Room by Emma Donoghue

Book: Room
Author: Emma Donoghue
Why I Read It: I loved one of her other books, Slammerkin, and I was enamored with the idea of writing about the experience of abuse and captivity from the view of a child.
First Line: "Today I'm five."

First Impression: Wow. This is so realistic. And depressing.
Last Impression: Wow. This is so realistic. And depressing. And DAMN can she write!

Overall – 5 Heart Racing I was surprised by how true to life the situation felt; how they play Scream, how he has to hide every night in case Old Nick visits, how detailed the minutia of each day is because it is all they have.
Characters – 3 Ma and Jack, our main characters, create their own little world in room. Jack narrates, so Ma is only viewed in the mothering role. Her other female experiences are on the periphery, making the abusive situation easier to tolerate, but also leaving her flat and underdeveloped. Old Nick is a disembodied voice but functions in the role of the abuser. Jack is the driving force of the book and much of his personality is shown through his insights.
Story – 5 The story carries itself much further through the action than I anticipated.
Narration – 4 The narration suffers from inconsistency part way through the book, and Jack's voice feels less organic and a bit forced. But the idea of narrating the abusive situation through his naive view is brilliant.

Read Again? Absolutely. It was inspiring to ingest such a well-written, refreshing and engaging story. I was on the edge of my seat.

Tell Others to Read? Yes. But I will warn them. It is a lot and hard to handle. You have to be prepared to read about a woman who has been raped and abused on a very regular basis. You have to be prepared to accept this as her existence and read on anyway. You have to be prepared to watch suffering and hope and despair interact in a very believable way.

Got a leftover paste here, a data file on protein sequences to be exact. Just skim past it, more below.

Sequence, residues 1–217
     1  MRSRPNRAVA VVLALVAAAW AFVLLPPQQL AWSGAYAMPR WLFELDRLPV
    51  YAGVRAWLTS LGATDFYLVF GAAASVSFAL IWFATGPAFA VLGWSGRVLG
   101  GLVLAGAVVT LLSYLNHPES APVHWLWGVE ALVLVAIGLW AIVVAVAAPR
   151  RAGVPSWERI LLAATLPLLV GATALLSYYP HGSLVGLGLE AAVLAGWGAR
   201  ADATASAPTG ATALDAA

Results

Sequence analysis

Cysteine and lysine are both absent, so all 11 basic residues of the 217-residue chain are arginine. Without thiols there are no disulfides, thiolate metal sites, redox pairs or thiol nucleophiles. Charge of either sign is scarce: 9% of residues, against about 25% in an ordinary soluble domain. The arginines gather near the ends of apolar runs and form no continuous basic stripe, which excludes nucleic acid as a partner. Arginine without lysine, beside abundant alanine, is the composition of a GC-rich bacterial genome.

Excerpt: "Monday is a laundry day, we get into Bath with socks, underwears, my gray pants that Ketchup squirted on, the sheets and dish towels, and we squish all the dirt out. Ma hots Thermostat way up for the drying, she pulls Clothes Horse out from beside Door and stands him open and I tell him to be strong. I would love to ride him like when I was a baby but I'm so huge now I might break his back. It would be cool to sometimes go smaller again and sometimes bigger like Alice. When we've twisted the water out of everything and hanged them up, Ma and me have to rip off our T-shirts and take turns pushing ourselves into Refrigerator to cool down.
     Lunch is bean salad, my second worst favorite. After nap we do Scream every day but not Saturdays or Sundays. We clear our throats and climb up on Table to be nearer Skylight, holding hands not to fall. We say 'On your mark, get set, go,' then we open wide our teeth and shout and holler howl yowl shriek screech scream the loudest possible. Today I'm the loudest ever because my lungs are stretching from being five.
     Then we shush with fingers on lips. I ask Ma once what we're listening for and she said just in case, you never know."
Excerpt content property of Little, Brown and Company


  1. This book was so sad but so good! Great review.

  2. It was such a powerful read! And thank you! :)


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This work by H.E. Saunders is licensed under a Creative Commons Attribution-NonCommercial-NoDerivs 3.0 Unported License.